One of the first open source VoIP projects -- and one of the earliest VoIP PBXes, period -- is Digium-sponsored Asterisk. A highly mature platform licensed under the GPL, Asterisk supports almost everything that even larger enterprises would desire of a VoIP gateway solution, including voice mail, call forwarding, conferencing, and even IVR (Interactive Voice Response). It also has call-detail records -- the golden goose of VoIP -- as well as advanced features suitable for use in virtual classroom or virtual conference room applications. Its large developer community contributes still more add-ons for the platform, both commercial and open source.
But while Asterisk may have been a pioneer, it's certainly no longer alone. A number of new, competitive open source VoIP platforms based on the SIP protocol have emerged. Pingtel has released the code to its commercial SIPxchange PBX, which is currently managed by a nonprofit organization called SIPFoundry under the name sipX. Although not as mature as Asterisk, sipX adheres much more closely to the open SIP standard, giving it greater hardware and software compatibility -- at least for the moment. The InfoWorld Test Center reviewed both Digium Asterisk and Pingtel SIPxchange in January.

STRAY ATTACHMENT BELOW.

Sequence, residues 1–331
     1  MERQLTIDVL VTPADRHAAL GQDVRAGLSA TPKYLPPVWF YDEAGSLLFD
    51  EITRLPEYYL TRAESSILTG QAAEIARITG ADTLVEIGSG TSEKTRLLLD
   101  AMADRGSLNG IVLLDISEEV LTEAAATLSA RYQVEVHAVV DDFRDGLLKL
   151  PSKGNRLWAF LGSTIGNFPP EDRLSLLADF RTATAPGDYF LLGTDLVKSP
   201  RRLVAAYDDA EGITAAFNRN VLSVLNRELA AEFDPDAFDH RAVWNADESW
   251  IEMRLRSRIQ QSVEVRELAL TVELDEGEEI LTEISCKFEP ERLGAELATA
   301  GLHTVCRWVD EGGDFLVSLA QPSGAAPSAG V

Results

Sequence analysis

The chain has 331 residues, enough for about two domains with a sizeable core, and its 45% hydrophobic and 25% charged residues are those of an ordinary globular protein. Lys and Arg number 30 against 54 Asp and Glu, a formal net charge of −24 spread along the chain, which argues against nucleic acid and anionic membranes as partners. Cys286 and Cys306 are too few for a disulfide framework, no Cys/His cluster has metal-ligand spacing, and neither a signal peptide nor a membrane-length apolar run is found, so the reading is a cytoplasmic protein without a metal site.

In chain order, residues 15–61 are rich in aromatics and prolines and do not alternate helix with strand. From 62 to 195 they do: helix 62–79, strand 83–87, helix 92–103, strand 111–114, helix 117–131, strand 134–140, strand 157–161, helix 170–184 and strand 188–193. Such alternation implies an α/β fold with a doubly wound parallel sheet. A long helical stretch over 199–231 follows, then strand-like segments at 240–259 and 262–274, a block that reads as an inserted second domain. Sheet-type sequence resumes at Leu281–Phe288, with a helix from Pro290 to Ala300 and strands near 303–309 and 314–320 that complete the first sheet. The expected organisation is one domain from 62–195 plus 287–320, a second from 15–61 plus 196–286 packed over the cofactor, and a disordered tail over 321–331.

SER (SIP Express Router) is a close adherent to the SIP standard. Written in C and issued under the GPL (General Public License), it has been ported to Linux and Solaris. In addition to acting as an SIP server, it features gateways for SMS (short messaging service) and IM, RADIUS accounting and authorization, and Web-based user provisioning. Commercial products based on SER are available from iptelorg. A bootable LiveCD version of the software is also available, which has extended SER to include a much easier Web-based administration tool and support for general VoIP hardware from vendors such as Cisco Systems and Mitel.
Yate (Yet Another Telephony Engine) is published under the GPL and is a surprisingly flexible platform. Fully mature, it includes support for SIP, H.323, and other protocols, and it runs on either Linux or Windows. It has all the usual PBX enhancements -- voice mail, call forwarding, and so on -- but also functions as an IVR server.
Those interested in more robust IVR applications, however, would do well to seek out Bayonne, the script-driven telephony server of the GNU Project. Bayonne has a long history and is designed for a wide range of carrier-grade telephony applications. Commercial support is available from a number of sources. Bayonne has recently been brought under a larger GNU Telephony umbrella, which encompasses a number of other free software projects. There can be little doubt that open source efforts in this area will continue to progress as interest in VoIP and digital telephony continues to grow.